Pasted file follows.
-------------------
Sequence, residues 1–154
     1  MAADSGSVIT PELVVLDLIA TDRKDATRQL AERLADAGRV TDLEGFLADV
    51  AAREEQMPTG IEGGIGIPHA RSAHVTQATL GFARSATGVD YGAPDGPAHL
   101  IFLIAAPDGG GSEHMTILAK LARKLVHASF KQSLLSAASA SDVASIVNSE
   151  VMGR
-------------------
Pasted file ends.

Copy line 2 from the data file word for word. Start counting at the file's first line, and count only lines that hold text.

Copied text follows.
     1  MAADSGSVIT PELVVLDLIA TDRKDATRQL AERLADAGRV TDLEGFLADV